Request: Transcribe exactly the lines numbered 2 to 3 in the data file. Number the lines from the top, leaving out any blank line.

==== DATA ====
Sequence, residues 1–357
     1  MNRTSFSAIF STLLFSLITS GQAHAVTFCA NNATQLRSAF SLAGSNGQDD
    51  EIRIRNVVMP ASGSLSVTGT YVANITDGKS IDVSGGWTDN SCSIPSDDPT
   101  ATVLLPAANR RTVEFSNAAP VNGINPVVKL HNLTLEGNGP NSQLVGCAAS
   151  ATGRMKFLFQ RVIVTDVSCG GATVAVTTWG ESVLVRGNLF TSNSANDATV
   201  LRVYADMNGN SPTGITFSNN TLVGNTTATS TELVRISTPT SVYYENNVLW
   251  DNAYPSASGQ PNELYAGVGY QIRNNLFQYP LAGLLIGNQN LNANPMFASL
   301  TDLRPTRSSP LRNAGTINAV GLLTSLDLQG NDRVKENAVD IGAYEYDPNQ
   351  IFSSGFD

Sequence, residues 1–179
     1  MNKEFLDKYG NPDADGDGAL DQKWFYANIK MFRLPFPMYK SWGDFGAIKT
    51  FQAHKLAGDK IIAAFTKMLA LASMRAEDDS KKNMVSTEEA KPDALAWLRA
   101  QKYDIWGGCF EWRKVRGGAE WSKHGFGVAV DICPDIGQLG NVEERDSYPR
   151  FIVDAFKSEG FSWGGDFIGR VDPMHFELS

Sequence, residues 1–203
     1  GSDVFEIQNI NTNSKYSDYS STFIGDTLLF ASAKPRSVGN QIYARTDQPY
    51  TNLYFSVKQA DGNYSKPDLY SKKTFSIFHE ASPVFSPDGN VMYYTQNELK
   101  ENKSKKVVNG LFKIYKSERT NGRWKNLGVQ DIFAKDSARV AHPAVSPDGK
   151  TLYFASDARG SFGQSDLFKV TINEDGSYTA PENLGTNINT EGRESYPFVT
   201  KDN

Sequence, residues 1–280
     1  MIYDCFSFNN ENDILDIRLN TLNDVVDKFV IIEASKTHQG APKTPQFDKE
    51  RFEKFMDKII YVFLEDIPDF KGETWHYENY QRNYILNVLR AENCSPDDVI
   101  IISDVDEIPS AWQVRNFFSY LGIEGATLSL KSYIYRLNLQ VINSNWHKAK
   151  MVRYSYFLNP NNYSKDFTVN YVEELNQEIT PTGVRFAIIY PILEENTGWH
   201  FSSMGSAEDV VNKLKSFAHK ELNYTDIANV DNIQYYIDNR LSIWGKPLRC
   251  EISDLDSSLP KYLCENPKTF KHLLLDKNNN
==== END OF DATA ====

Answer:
     1  MNRTSFSAIF STLLFSLITS GQAHAVTFCA NNATQLRSAF SLAGSNGQDD
    51  EIRIRNVVMP ASGSLSVTGT YVANITDGKS IDVSGGWTDN SCSIPSDDPT